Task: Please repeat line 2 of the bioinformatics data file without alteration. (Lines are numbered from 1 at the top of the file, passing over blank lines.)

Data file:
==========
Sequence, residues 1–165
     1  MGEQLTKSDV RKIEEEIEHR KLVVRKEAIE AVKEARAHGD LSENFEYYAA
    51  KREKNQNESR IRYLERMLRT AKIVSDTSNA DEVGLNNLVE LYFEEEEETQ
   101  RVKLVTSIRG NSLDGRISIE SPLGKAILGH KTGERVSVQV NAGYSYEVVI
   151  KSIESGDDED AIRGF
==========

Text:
     1  MGEQLTKSDV RKIEEEIEHR KLVVRKEAIE AVKEARAHGD LSENFEYYAA